Me, my previous host father, and a few Rotarians made a trip down to Shikoku just before winter as well. I have to say it was relaxing. Shikoku is the island just south of Okayama. The drive was about 3 hours there; we first drove to the top of a beautiful mountain range to see the windmills at its peak. When I first stepped out of the car and breathed in that fresh mountain air it was….indescribable….the view was intoxicatingly beautiful, the air was clear, and I just wanted to sit up there and gaze for hours. However, the little old man that came with us was kind of creepy with his camera….hahahah he took way to many pictures of me for comfort xD Anyway! After we descended the mountain we hit up a local fish market! I don’t really know why though…they just walked around pointing and saying how delicious everything looked (we didn’t buy anything…..) needless to say it was interesting. Following that we went to the place that we came to Shikoku for…the ONSEN! (hot spring) I have to say, though the first time was strange, I have really grown to like it. It's not weird to me anymore to strip and bathe with other men xD We actually ended up staying the night at a nearby hotel, went and ate REALLY expensive food (which was the MOST delicious thing that I have ever eaten) and then hitting the onsen one more time before returning home. Then it was back to school before winter break…..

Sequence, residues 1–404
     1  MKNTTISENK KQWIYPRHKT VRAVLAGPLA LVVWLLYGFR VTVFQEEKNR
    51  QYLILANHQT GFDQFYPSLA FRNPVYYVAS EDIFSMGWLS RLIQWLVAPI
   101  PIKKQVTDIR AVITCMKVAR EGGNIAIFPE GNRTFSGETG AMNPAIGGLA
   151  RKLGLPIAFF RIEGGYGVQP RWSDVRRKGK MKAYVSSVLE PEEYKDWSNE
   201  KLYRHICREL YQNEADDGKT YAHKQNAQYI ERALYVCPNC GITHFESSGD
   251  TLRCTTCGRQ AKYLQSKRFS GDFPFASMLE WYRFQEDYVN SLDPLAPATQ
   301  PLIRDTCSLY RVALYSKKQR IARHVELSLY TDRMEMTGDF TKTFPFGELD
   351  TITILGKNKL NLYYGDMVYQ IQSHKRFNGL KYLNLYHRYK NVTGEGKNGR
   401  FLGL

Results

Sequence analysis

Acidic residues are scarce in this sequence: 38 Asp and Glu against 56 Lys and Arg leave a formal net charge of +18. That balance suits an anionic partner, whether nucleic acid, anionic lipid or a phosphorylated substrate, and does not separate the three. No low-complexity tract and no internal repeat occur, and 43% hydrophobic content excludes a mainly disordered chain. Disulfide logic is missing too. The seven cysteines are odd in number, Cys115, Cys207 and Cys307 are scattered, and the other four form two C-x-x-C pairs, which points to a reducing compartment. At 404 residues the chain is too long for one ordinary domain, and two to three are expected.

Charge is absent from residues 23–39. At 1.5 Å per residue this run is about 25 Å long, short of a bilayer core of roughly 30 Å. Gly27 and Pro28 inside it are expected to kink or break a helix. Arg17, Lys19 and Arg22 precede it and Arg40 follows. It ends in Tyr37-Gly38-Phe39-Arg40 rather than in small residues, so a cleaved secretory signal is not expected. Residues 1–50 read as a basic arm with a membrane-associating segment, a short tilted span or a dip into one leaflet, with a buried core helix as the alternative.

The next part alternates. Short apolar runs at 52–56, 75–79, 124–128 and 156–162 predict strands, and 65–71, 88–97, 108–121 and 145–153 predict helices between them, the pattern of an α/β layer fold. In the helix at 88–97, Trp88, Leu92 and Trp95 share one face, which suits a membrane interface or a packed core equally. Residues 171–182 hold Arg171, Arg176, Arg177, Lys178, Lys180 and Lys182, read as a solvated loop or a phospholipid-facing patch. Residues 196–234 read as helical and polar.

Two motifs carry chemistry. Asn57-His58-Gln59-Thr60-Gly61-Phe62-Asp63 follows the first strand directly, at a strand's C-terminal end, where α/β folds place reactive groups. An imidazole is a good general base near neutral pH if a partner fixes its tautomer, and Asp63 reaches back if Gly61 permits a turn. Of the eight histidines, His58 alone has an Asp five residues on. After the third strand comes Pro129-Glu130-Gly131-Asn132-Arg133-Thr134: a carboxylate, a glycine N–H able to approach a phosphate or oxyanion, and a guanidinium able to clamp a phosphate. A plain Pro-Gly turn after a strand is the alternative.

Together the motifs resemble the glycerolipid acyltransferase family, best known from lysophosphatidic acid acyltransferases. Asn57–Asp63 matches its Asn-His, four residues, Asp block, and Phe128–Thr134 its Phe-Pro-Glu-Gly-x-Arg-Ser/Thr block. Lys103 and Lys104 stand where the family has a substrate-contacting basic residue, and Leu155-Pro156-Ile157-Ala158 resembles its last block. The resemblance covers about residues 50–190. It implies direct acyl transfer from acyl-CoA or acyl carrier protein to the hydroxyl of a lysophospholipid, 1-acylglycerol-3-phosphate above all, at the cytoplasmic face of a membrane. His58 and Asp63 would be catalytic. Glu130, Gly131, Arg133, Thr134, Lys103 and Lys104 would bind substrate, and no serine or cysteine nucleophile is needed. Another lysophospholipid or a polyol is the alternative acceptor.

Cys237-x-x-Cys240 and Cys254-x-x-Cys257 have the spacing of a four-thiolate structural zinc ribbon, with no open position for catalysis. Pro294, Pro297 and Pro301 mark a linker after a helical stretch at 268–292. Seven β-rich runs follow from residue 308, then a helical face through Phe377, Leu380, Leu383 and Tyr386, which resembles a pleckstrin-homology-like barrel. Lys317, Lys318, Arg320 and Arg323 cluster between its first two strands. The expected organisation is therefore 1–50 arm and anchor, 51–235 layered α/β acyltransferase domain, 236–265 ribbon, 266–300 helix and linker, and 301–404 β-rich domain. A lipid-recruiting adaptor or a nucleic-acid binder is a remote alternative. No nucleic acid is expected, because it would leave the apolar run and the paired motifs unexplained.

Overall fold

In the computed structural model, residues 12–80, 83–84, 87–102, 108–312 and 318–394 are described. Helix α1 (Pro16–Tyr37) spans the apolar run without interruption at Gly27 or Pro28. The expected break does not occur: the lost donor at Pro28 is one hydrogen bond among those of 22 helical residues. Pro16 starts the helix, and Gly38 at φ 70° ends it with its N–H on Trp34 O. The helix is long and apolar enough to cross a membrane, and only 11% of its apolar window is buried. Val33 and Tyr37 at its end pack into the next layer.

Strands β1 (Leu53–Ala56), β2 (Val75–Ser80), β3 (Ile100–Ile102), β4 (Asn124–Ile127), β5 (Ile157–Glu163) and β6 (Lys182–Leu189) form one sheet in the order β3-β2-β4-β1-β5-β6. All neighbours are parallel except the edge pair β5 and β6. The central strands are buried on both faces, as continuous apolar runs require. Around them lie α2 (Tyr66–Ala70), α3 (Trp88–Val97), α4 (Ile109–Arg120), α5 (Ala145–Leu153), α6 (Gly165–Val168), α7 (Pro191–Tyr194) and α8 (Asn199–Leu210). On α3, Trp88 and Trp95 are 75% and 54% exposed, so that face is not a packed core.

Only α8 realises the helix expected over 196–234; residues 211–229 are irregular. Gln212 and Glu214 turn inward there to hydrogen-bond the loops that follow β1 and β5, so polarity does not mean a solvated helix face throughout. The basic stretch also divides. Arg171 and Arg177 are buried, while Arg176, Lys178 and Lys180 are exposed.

At this point school had grown redundant and boring. As bad as that may sound, the only part I liked about it was my friends. Now that I could talk to them, lunch and after school were my favorite times. And not to mention the amazing attachment that had grown between me and my first host family in those 3 and a half months. But….it was finally time to change host families! I didn’t want to go….I had a bond with my host family that I didn’t want to share with anyone else in Japan! Sure they weren’t my real parents and they could never replace them! But they were the next best thing….I packed and before I knew it was in a new room and house with strange people I didn’t know again….the worst part of my exchange thus far was that day, though no tears were shed between me and my host family. I felt like they had been torn from me on that day….